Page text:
“Faster word learning will result in a larger vocabulary,” Gray says. “This is crucial for preventing reading comprehension problems and for closing the academic gap between children with SLI and children with typical language development as they progress through school.”
Child development and immigrant adaptation
School can be tough on any child, but for children new to the U.S., it can become an ordeal as they try to acclimate to a new school and a new country. With a $221,575 NIH grant, Jennifer Glick, an ASU associate professor in the School of Social and Family Dynamics, will take an integrative approach to study child development and immigrant adaptation.
Children of newly arrived immigrants can find many ways to adapt in the U.S. depending on the resources of the family and the interactions they receive in the community. If society fails to support immigrant adaptation, it’s expected that the child’s school performance will suffer.
However, the child’s family and ethnic community may bring additional resources to the education sphere. Thus, the interaction of family background, parental involvement and community context all will influence developmental and educational outcomes for children in immigrant families. A key goal of this study is to go beyond using immigrant status as a proxy for other traits to determine how family migration context — including parent’s age and arrival, language background and use, national origins and ethnicity — are related to school readiness and early academic progress.
“This project is a multi-disciplinary approach, combining theoretical perspectives of immigrant adaptation and child development,” says Glick, who studies immigrant adaptation and family survival strategies. “We are looking for a better understanding of how the school performance of immigrants’ children is advanced by the family context in which they live.”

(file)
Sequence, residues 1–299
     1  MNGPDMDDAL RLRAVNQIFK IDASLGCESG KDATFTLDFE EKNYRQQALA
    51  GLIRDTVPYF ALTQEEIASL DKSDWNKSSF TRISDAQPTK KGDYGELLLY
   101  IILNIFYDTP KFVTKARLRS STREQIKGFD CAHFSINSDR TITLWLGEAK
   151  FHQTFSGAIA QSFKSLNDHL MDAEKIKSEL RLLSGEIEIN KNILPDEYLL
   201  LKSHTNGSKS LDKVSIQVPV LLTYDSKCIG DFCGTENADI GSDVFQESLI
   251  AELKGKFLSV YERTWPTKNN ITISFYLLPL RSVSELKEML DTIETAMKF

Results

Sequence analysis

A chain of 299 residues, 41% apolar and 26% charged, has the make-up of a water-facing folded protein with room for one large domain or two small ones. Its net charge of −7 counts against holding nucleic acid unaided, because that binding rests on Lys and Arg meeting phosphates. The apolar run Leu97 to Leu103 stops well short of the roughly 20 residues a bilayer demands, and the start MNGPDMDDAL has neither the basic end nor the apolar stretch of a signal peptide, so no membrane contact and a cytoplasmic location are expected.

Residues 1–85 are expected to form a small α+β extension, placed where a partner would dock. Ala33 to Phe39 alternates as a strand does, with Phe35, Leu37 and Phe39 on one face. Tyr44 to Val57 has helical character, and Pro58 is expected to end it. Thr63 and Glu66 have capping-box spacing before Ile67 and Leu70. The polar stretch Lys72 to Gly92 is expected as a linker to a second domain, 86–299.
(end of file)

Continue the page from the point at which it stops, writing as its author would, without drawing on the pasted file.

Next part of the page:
Training a surgeon’s hand
In any field, good training improves skills. This is as true for airplane pilots as it is for surgeons. The more you do, the better you become. But when it comes to training surgeons, there is an associated need to cut training costs that can compromise training quality.
An $874,484 grant from the National Science Foundation will allow Baoxin Li, an assistant professor in ASU’s School of Computing Informatics & Decision Systems Engineering, to overcome this quandary by exploring simulation-based surgical training.
“Our goal is to come up with a system that can shorten the time involved in training a surgeon and improve the quality of the training,” Li says.
But to do this Li needs to come up with a system that can do several things, including monitoring and measuring a surgical resident as she performs a procedure and then being able to put value judgments on what the system sees during the exercise, and to associate skill ratings with correction procedures.
“We present a machine-learning based approach to computational understanding of surgical skills based on temporal inference of visual and motion capture data from surgical simulation,” he says. “This learning approach is enabled by our simulation and data acquisition design that ensures clinical meaningfulness of the data.”
A simpler grasp
Because the human hand is an evolutionary marvel, it is incredibly hard to replicate and employ on a machine, like a robot. For example, says Marco Santello, an ASU professor of kinesiology, robotic grasping has been around for 25 years and yet there are no successful devices for grasping in unstructured environments.
“The new generation of highly successful mobile and humanoid robots still lack basic ‘hands’ that can reliably grasp arbitrary objects,” Santello says.
That may change as a three-year, $236,000 National Science Foundation grant to Santello and a team of researchers (Peter Allen, Columbia University, and Robert Howe, Harvard University) will let them explore new ways of developing simpler grasping devices for robots. The work is based on four basic principles: begin with robust grasping as the goal; learn from the human hand but do not replicate it; simplicity is essential; and put functionality in passive mechanics, not in elaborate sensing and control. Experimental work at ASU, involving graduate and undergraduate students, will aim to understand how the brain controls dexterous manipulation activities.
Using these ideas, “we propose to build a low-cost, low degree of freedom grasping device that is based on hard human grasping data,” Santello explains. “We will test the new tools in simulation and build hardware that is functionally proven for a given set of robotic grasping tasks.”
Panchanathan says that ASU faculty have responded rapidly and strategically to acquire stimulus research grants. To date, ASU researchers have sent in proposals totaling nearly $410 million in research funding.
“ASU faculty and researchers have put forth tremendous efforts to secure stimulus funding in a highly competitive environment,” he adds. “We are pleased with our success thus far and are looking forward to securing a number of new projects over the next year. This will allow us to not only contribute significantly towards solving challenging problems faced by society, but also result in a significant economic impact.”